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. Last Updated: 07/27/2016

China Looking for Bilingual Bankers

LONDON -- Chinese demand has already fueled booms in markets from copper to shipping, but the rise of the world's fastest growing economy is also driving up prices for another hot commodity: bilingual bankers.

Banks are struggling to find enough candidates with fluent Mandarin and English to accommodate their expansion plans in China, which is poised to leapfrog Hong Kong as Asia's biggest center for initial public offerings.

Securing banking talent in China has been a problem for years, but the matter is more pressing than ever with the country starting to spend its $1.33 trillion of foreign currency reserves on overseas deals.

Hedge funds and private equity firms, which are starting to source deals in China, are also poaching bankers from Wall Street , making the hunt for talent even tougher.

After China's decades of isolation from global trade, English is not widely spoken, and few non-Chinese master the notoriously difficult language.

"There are people who understand the product and people who understand the people, but a dearth of those who understand both," said Adrian Ezra, chief executive of international financial recruitment firm Execuzen.

"Demand outstrips supply 10-to-1," he said. "If you are a senior or even a junior Chinese specialist, you can practically write your own ticket."

An expected wave of foreign currency-funded overseas takeovers and a proposed end to a ban on foreign acquisitions of Chinese brokerages have helped spark hiring sprees by banks such as Citigroup.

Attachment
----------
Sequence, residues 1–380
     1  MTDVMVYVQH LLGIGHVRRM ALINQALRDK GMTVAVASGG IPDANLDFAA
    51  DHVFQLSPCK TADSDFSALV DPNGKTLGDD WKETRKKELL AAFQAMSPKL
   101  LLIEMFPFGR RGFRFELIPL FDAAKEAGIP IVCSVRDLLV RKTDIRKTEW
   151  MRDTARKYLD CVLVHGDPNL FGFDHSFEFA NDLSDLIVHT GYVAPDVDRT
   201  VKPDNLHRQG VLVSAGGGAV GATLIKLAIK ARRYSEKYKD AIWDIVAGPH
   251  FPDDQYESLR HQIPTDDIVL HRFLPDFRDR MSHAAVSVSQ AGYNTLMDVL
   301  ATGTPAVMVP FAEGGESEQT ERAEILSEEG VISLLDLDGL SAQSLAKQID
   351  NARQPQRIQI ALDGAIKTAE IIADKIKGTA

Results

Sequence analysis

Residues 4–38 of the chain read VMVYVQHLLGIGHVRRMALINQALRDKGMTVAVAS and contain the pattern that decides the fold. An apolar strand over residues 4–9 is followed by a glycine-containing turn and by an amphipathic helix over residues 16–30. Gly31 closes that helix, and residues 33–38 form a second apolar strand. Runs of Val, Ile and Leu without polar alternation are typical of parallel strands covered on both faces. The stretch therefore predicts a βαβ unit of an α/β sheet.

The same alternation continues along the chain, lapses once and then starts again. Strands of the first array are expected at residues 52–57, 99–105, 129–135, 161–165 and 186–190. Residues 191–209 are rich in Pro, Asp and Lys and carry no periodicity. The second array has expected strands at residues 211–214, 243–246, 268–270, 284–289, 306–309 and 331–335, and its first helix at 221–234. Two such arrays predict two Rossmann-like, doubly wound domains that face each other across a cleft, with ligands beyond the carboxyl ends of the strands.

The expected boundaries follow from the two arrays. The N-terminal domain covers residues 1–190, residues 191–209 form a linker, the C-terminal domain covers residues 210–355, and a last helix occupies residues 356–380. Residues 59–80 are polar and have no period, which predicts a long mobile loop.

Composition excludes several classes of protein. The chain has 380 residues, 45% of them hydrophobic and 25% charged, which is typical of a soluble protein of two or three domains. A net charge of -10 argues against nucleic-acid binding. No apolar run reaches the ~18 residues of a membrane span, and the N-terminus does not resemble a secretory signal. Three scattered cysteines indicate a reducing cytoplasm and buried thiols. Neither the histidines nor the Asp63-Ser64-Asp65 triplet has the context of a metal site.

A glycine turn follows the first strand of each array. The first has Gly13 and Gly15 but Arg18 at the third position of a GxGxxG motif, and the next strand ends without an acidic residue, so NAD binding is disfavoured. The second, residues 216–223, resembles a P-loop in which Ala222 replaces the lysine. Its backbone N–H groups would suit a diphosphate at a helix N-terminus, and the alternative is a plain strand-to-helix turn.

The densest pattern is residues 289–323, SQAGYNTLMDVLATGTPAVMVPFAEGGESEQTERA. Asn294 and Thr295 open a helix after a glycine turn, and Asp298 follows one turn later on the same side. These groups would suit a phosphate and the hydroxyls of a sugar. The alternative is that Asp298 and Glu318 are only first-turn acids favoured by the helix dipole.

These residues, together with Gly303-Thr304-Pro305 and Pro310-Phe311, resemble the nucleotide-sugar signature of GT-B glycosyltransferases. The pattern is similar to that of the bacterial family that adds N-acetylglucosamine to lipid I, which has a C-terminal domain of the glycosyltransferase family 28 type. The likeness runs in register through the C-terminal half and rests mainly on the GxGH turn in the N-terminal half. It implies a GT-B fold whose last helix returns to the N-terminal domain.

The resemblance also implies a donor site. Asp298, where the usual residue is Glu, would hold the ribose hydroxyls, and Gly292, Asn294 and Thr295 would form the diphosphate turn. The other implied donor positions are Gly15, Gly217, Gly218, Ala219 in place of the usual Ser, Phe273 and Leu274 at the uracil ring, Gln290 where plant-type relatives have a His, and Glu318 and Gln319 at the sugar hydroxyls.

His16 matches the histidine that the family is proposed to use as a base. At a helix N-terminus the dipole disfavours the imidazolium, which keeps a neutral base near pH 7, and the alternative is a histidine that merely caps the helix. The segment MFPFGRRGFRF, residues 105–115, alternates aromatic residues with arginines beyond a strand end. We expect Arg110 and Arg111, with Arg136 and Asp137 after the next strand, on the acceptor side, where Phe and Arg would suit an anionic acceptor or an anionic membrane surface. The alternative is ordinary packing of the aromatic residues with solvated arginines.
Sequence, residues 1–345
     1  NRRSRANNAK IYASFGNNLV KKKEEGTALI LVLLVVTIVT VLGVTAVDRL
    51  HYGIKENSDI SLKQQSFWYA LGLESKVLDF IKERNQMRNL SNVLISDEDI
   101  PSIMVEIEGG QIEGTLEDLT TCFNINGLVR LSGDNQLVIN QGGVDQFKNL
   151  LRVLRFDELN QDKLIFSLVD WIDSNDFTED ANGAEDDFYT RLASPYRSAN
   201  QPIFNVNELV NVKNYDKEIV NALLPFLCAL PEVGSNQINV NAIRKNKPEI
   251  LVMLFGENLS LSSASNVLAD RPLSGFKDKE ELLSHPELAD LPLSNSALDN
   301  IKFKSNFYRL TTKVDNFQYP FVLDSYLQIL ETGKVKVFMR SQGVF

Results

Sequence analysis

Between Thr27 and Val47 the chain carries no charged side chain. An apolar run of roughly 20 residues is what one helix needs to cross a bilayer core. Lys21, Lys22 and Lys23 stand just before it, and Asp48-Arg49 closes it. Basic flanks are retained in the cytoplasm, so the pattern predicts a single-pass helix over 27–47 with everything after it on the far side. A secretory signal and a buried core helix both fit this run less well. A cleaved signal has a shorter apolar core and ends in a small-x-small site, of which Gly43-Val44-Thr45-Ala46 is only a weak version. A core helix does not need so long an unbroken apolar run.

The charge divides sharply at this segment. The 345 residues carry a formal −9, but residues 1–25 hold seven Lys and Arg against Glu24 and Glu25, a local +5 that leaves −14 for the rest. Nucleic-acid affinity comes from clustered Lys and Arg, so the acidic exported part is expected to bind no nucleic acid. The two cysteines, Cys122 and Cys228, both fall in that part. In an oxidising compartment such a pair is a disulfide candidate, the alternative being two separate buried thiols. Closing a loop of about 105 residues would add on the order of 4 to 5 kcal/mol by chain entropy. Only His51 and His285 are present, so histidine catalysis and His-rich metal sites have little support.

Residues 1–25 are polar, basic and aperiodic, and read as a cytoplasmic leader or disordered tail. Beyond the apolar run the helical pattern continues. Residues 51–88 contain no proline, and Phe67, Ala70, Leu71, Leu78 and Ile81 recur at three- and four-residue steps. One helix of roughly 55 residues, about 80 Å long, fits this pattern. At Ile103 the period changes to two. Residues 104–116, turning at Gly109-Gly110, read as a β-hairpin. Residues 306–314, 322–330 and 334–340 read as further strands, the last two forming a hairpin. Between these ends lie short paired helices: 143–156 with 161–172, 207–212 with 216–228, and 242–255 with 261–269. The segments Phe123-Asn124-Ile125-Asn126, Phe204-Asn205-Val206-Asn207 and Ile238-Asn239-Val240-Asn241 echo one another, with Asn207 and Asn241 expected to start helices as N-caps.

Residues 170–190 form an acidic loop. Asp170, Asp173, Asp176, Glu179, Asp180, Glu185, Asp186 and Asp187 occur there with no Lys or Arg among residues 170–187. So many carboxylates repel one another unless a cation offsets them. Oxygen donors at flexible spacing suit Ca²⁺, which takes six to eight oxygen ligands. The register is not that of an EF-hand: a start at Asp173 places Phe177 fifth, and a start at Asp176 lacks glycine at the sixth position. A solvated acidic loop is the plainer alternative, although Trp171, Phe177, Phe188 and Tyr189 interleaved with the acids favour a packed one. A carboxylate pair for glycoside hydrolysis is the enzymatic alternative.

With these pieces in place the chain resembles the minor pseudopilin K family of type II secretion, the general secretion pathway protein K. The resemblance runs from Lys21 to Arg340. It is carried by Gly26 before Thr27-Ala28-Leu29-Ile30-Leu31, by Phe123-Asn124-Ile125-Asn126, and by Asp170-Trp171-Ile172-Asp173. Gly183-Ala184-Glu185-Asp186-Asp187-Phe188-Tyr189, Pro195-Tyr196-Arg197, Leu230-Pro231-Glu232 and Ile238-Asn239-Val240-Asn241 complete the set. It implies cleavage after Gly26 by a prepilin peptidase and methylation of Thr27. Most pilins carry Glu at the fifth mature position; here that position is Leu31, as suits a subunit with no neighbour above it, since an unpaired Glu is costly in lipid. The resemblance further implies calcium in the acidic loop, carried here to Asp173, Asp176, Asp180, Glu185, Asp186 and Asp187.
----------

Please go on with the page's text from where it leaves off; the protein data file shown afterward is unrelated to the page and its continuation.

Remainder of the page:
One Chinese investment banking chairman said his European firm had more than tripled local hires, to about 20 a year.

Other emerging markets are also presenting troubles for banks in search of deal makers, but China poses a unique challenge.

"It is easier to move Russians back to Russia or Indians back to India. The Middle Easterners are happy to move to Dubai. But you cannot find the Chinese," Ezra said.

Many Chinese immigrants are Cantonese speakers and unfamiliar with China's official language of Mandarin. Outside of Shanghai and Beijing, English speakers are scarce, which boutique bank First Line Capital found when it opened earlier this month in the city of Chongqing.

"The language issue is a very sore point," First Line founder Simon Erblich said. "Just ordering room service here is a problem."

Another challenge in wooing employees to mainland China is lifestyle, as many are deterred by pollution, cultural divides, high taxes and strict control over politics and media.

"Even for Hong Kong Chinese, there are differences," said one bilingual employee at a top bank in Beijing. "Mainland China is a much more traditional society."